Prader-Willi Syndrome: gateway to understanding obesity and mental illness

Kathlene Jones's picture

The Prader-Willi Syndrome is a rare genetic condition affecting the whole of a person physically, intellectually and emotionally. Kathlene Jones, whose daughter was born with the syndrome, explains why research into Prader-Willi could potentially change lives of all individuals struggling with obesity, anxiety and other mental illnesses.

10 years, 100 friends, $10,000 for research to honour a lost loved one at Mother’s Day Classic

Belinda Hendriksen's picture

The Mother's Day Classic walk or run for breast cancer research started from modest beginnings as a walk in the park and has grown into a major national community event. Belinda Hendriksen is a Victorian mother and team captain for more than 100 walkers who will represent Kerry Team 10/100 in this year's Mother’s Day Classic.

If I were the Federal Treasurer...

Belinda Lucas's picture

On the weekend Tasmanian Senator Jacqui Lambie announced that she’d like to see foreign aid slashed in this year’s federal budget as pensioners are doing it tough and need the money we're spending on overseas aid. International development specialist Belinda Lucas begs to differ.

Why influence is a competitive advantage

Michelle Gibbings's picture

In our work environment shaped by technological disruption we are expected to deliver more results in a faster time frame and with less resources. Michelle Gibbings has a strategy to get things done and make change happen.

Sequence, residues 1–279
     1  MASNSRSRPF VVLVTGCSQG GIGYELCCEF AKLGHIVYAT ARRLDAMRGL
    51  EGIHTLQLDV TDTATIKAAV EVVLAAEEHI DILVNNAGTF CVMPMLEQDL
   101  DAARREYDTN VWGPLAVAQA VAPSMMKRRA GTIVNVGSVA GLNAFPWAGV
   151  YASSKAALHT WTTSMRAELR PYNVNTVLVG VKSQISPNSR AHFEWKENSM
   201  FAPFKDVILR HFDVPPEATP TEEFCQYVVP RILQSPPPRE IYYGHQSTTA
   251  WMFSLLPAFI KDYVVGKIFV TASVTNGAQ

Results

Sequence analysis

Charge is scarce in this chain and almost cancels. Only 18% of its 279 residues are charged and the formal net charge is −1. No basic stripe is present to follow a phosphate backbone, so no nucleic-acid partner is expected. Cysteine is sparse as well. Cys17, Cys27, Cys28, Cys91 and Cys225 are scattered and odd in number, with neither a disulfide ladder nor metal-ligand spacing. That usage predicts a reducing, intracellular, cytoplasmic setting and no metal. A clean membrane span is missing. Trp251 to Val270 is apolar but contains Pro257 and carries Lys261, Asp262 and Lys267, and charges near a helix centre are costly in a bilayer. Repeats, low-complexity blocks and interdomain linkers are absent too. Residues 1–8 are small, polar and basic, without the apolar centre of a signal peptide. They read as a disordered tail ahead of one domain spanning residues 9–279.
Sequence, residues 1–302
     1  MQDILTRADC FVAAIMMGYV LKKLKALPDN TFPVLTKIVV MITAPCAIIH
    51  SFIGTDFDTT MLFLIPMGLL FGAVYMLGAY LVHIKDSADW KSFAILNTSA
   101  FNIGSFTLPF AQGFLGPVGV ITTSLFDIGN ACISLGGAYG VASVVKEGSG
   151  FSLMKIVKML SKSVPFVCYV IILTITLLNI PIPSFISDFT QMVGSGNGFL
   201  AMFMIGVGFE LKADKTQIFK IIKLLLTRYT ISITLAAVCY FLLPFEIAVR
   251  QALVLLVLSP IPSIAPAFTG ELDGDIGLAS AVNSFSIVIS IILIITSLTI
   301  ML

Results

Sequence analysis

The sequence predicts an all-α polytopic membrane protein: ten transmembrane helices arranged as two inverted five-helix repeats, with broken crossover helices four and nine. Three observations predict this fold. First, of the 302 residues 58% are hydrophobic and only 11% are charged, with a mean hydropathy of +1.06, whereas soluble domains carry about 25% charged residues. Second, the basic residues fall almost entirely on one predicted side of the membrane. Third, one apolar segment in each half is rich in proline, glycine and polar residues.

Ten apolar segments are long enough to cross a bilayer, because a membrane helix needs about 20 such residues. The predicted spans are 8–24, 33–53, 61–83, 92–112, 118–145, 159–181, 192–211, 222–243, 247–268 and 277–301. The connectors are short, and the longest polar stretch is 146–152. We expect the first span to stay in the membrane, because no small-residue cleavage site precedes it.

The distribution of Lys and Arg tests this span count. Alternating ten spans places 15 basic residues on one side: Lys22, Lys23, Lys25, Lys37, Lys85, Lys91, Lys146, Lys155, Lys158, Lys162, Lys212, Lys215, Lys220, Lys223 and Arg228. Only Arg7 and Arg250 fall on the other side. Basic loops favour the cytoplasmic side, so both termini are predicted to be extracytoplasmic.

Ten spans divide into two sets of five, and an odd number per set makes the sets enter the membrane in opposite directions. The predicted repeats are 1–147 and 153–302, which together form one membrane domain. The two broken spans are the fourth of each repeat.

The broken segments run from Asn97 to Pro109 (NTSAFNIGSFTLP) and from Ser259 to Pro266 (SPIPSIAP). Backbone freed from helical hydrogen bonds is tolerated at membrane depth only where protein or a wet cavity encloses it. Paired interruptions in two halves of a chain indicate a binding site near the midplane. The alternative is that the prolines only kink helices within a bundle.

Fossil fuel divestment: Why Australia’s uni students are turning the other cheek

Damian Gill's picture

Students across Australia are staging bold actions at their universities to demand divestment from fossil fuels. Why do the issues of climate change and fossil fuel investment resonate so strongly with university students? It’s about equality and justice, explains Damian Gill.

One BarbeCURE at a time

Victoria Kvisle's picture

Philanthropy is already a way of life for many individuals and businesses in Australia. Victoria Kvisle, whose family has been involved with Cure Cancer for almost fifty years, encourages us all to find a way to serve and care for those around us.